There's room on your plate for shellfish...cholesterol and all

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Q. I'm trying to watch my cholesterol. Do I need to cut out shellfish?

A. No. Shellfish's reputation as a cholesterol villain is quite undeserved. Health experts no longer place shrimp, lobster and other shellfish on the dietary blacklist, even for people whose blood cholesterol is high.

Why the change? For one thing, shellfish contains less cholesterol than once thought (old tests gave high readings). Most shellfish contains no more cholesterol than many cuts of meat and poultry. Some even contain less.

For example, three ounces of extra-lean ground beef or chicken breast without the skin both contain about 72 milligrams of cholesterol. Three ounces of eye-of-round beef contain only 56 milligrams. In comparison, the same amount of lobster contains 61 milligrams. Clams, mussels and crab contain even less. (See chart.)

Shrimp tops the shellfish cholesterol list, at 166 milligrams in 3 ounces. Still, since the American Heart Association recommends no more than 300 milligrams of cholesterol a day, there's room on the plate even for shrimp.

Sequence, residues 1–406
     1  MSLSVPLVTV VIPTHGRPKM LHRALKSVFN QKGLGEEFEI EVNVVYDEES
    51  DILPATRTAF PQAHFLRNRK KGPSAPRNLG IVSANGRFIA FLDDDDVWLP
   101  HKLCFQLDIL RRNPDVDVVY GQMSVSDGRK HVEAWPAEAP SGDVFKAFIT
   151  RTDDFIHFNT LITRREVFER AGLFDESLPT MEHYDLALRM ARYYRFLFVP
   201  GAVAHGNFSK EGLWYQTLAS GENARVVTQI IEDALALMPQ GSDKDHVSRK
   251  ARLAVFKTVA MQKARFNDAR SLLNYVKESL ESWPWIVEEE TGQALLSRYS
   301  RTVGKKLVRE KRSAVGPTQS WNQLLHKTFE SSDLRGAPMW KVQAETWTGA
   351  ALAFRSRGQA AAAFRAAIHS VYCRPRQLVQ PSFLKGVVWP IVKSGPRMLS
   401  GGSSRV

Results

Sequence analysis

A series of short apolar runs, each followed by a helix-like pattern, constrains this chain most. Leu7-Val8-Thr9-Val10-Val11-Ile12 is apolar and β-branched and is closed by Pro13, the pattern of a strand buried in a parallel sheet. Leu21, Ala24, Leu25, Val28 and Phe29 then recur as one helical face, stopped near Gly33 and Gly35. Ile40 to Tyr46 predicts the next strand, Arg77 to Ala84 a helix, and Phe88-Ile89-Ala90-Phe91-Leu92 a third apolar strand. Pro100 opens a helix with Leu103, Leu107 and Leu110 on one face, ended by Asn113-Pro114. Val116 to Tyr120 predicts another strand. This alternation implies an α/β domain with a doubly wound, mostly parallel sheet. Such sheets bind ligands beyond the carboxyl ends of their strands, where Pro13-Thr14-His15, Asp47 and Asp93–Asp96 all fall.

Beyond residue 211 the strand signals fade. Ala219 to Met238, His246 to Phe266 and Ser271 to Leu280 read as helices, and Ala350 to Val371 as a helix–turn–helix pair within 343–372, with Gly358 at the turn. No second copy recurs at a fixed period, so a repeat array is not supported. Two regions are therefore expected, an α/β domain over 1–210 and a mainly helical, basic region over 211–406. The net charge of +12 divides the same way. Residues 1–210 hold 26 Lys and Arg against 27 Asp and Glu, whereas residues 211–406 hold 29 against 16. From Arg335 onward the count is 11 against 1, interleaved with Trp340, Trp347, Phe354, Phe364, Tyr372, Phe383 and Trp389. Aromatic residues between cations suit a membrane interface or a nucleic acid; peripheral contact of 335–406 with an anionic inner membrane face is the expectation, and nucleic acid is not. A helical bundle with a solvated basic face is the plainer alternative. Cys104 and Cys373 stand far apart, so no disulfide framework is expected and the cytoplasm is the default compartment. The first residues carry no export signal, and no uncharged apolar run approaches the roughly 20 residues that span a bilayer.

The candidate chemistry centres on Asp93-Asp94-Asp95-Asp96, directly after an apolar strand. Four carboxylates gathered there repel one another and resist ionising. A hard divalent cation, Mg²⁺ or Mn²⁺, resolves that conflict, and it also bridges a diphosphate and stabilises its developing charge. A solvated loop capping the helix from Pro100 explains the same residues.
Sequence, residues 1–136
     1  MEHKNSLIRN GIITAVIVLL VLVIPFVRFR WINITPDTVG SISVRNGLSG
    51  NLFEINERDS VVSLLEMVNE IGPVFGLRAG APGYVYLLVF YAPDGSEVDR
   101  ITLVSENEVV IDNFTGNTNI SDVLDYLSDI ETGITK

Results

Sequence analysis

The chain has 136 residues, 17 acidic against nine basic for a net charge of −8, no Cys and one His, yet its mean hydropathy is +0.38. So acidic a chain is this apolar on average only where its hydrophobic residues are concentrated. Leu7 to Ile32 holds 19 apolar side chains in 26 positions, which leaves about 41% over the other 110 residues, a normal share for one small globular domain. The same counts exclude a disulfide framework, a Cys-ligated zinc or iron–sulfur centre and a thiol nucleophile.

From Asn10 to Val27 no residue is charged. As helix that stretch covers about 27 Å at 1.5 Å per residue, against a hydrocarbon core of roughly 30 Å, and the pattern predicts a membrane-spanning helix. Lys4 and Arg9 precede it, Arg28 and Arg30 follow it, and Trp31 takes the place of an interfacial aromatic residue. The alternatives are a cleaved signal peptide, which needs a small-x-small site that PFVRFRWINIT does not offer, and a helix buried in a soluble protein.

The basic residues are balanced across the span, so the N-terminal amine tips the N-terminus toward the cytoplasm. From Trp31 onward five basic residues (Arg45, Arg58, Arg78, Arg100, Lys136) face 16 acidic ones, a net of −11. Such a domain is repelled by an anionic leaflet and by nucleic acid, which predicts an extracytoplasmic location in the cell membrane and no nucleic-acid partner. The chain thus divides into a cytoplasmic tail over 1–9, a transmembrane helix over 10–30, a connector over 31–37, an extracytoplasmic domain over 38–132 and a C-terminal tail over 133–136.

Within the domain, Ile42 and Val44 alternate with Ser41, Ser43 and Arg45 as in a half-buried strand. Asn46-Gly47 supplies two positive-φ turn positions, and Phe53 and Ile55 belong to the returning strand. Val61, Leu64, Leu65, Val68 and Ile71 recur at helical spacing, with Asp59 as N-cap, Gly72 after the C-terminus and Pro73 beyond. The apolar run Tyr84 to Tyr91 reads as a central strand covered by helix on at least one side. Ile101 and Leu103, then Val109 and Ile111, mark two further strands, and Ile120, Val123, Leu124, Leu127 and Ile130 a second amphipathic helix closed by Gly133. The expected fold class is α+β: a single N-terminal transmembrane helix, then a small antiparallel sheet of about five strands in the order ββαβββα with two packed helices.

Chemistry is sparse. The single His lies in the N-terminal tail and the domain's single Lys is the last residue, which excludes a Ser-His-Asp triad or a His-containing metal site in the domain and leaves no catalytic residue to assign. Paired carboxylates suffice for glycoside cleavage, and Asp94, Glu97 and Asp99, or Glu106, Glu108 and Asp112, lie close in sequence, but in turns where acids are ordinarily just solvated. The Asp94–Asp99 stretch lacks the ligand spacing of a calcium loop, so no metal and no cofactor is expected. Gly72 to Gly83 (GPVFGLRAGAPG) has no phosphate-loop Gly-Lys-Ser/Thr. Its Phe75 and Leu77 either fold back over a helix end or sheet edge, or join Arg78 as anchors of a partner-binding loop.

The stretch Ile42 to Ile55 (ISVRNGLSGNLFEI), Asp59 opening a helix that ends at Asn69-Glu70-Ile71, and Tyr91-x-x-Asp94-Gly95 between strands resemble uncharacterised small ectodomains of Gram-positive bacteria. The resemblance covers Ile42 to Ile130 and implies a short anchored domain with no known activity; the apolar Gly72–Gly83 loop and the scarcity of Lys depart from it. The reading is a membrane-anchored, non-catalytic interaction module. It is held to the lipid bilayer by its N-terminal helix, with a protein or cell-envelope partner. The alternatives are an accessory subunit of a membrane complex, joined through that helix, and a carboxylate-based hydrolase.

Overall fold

But all this talk about cholesterol counts may be missing the point. Dietary cholesterol is not the chief cholesterol-raising culprit in food. Saturated fat is. And you can't find an animal food much lower in saturated fat than shellfish.

Could it be that shellfish may even be good for your heart? Some research suggests so. A recent study from Harvard University and Rockefeller University saw a favorable effect on blood lipids in healthy people eating 10 ounces of shrimp daily for three weeks. The benefits were attributed to omega-3 fats.

So, go ahead, indulge in shellfish--with a few caveats:

Eat reasonably sized portions.
Use low-fat cooking methods, like steaming, rather than frying.
Be aware that frozen prepared shellfish dishes are often high in cholesterol and fat because of added bread crumbs, eggs, milk and fats.
Cholesterol Countdown of Shellfish
(Serving size=3 ounces, cooked by moist heat. N/A=Not available)

Legend for Chart:

A - Shellfish
B - Cholesterol (milligrams)
C - Fat (grams)
D - Saturated Fat (grams)
E - Calories

A B C D E

Crab, imitation (surimi) 17 1.1 N/A 87
Crab, Alaska king 45 1.3 0.1 82
Mussels, blue 48 3.8 0.7 147
Clams (19 small), fresh or canned 57 1.7 0.2 126
Lobster, northern 61 0.5 0.1 83
Crab, dungeness 64 1.1 0.1 94
Lobster, spiny 76 1.7 0.3 122
Oysters, eastern (12 medium) 93 4.2 1.1 117
Crayfish 151 1.2 0.2 97
Shrimp (15 large) 166 0.9 0.2 84
Source: Bowes and Church's Food Values of Portions Commonly Used, 16th edition, 1994.

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